Right 2: Vintage Wool Cowichan Cardigan Sweater from Violets Attic Vintage

Right 3: Vintage 50s Cowichan Wolf Sweater from Fox and Bear Vintage

Right 4: Vintage Cowichan Sweater with Deer and Pine from slentis
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November morning Alice Popkorn

The Color of November

I have a confession. I am one of those people who does not favor this time of year. In fact, part of me just dreads the idea of dark mornings, gray skies and a lifeless landscape. There is a sense of foreboding as the days shorten and shorten and the last few leaves shrivel and disintegrate into a gust of cold wind. The tourists have long gone, the sailors have dry-docked their boats and the kids have pulled out their heavy coats. Everything is grinding to a halt, and a deafening silence is taking over, as we all await the onslaught of winter.

Dear November, I am trying real hard to appreciate you.

November morning Alice Popkorn

Alice Popkorn photo

November House by Bill Lapp (1)

Bill Lapp photo

November by Bill Lapp

Bill Lapp photo

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Collecting Canning Jars

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BonnBonn on Etsy

Canning jars are useful in so many different ways, and not just for preserving foods or making jams. They are great for storing herbs or rice in the kitchen or cotton balls or Q-tips in the bathroom. They make wonderful impromptu vases when you’ve come back with a bouquet of foraged wildflowers and need something pretty to put them in. They’re also a great thing to collect.

It All Started with Napoleon

French military leader Napoleon Bonaparte is credited with the development of the first canning jars. During the Napoleonic wars he offered 12 thousand francs to anyone who could come up with a way to preserve food for soldiers during winter.

In 1810, Nicholas Appert answered the call. He used a glass container with wire and wax to heat-seal the food inside, preserving it. But the system proved messy, eventually leading to the invention of the mason jar by John Landis Mason of New York. Mason created a machine that could make threads in glass, which made screw on lids possible.

A friend in the kitchen; or, What to cook and how to cook it .. (1899) Mason’s jars, patented in 1858, also used a rubber seal and were used heavily during the Civil War and up through the turn of the century. Atlantic Glassworks of Crowleytown, New Jersey manufactured the first mason jars, which were stamped with, “Mason’s Patent Nov. 30th 1858.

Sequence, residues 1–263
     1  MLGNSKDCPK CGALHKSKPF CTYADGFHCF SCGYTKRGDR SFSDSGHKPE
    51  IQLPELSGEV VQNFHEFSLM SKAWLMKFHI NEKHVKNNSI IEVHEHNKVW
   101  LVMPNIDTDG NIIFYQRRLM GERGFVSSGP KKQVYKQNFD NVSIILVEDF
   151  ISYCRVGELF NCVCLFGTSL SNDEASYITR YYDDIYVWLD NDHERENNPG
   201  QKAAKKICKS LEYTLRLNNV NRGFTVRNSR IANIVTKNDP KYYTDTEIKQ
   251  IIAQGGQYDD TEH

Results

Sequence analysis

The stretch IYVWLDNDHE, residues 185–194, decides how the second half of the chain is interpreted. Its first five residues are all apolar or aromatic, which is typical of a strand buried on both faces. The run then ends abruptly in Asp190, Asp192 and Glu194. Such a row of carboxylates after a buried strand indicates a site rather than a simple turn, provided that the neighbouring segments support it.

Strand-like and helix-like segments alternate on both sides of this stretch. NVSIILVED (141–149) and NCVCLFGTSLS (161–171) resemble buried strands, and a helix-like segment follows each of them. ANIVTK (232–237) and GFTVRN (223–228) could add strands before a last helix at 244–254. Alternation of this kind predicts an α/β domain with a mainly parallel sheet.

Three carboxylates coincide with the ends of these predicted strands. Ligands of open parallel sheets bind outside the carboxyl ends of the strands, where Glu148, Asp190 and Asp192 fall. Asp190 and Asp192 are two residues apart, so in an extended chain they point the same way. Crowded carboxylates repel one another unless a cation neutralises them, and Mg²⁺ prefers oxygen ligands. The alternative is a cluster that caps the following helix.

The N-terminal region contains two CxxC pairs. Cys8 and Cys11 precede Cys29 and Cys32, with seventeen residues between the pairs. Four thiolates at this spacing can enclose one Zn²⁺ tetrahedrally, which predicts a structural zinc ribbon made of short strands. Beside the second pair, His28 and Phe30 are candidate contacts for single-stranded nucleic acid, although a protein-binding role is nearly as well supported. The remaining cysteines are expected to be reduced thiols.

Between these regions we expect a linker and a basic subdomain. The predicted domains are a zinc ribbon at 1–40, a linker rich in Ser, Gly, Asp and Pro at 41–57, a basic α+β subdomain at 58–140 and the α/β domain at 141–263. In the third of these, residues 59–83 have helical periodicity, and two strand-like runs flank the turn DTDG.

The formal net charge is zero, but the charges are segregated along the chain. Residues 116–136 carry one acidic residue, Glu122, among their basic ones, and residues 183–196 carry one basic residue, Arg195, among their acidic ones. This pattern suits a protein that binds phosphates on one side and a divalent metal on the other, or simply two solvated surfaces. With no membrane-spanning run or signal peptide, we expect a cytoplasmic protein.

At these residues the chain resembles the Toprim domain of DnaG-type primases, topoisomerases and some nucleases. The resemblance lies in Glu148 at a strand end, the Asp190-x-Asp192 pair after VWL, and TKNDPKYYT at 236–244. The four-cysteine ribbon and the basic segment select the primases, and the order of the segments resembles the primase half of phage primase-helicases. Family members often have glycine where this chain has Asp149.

In the late 1800s and early 1900s, a number of companies produced canning jars, each with their own take. In 1882, Henry William Putnum of Vermont invented the “Lightning” jar that used a glass lid and wire clamp. In 1884, the Ball Brothers of Buffalo, New York started producing their “Ball” fruit jars and devised a way to make jar production uniform, thus expanding the manufacturing of food preservation jars exponentially. Other jar makers emerged, including Kerr, which produced a wide mouth jar, and Atlas, which made the “E-Z,” which was like Putnum’s metal clamped Lightning Jar only with a raised lip.

Canning and food preservation remained very popular until after World War II, when packaged and instant food came into vogue. Canning food comes and goes in popularity, but it has never seen the popularity it did from the late 1800s through the Great Depression and World Wars. Collecting canning jars, however, remains very popular today.

Canning Jars USDA photo

USDA photo

Mason Jars NewMexico from National Archives

National Archives photo

A Word on Value

As with so many other collectibles, value of canning jars depends on such things as age, scarcity, color and condition. An early Lightning Jar in a light amethyst color with a missing lid and small chip in the rim recently sold for more than $450 on eBay, while a light amber early Mason jar went for $1,400. Generally speaking, older jars that are amber, cobalt, green or milk glass fetch higher prices.

Dating old canning jars can be a bit of a trick. Some informational websites, such as Glass Bottle Marks, are very helpful on some brands. Also, online sales sites such as eBay or Etsy, can help you establish a baseline for value.
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Five for Friday: Cozy Up to a Throw

NaturalWoolKnits on Etsy

When it gets cold at our house in Maine, we try to resist the temptation to boost the thermostat and reach instead for a small blanket or throw to warm up. Throws are typically a bit smaller than your average blanket, making it easy to wrap them over shoulders or cover legs in the car if needed. We usually have at least one to a room, and though that may seem like plenty, the boys always manage to fight over just one—the warmest, softest, snuggliest one in the house.

For Five for Friday this week, here are five throws you could fight over at your own house this winter.


Top: Big Chunky Handknit from NaturalWoolKnits

Top Left: Grey with Yellow Stripes from Swans Island

Top Right: Nantucket  from Loopy Mango

Bottom Left: Fern Green Tattersall Checked Wool  from Gretna Green

Bottom Right: Eco Alhambra Reversible by in2green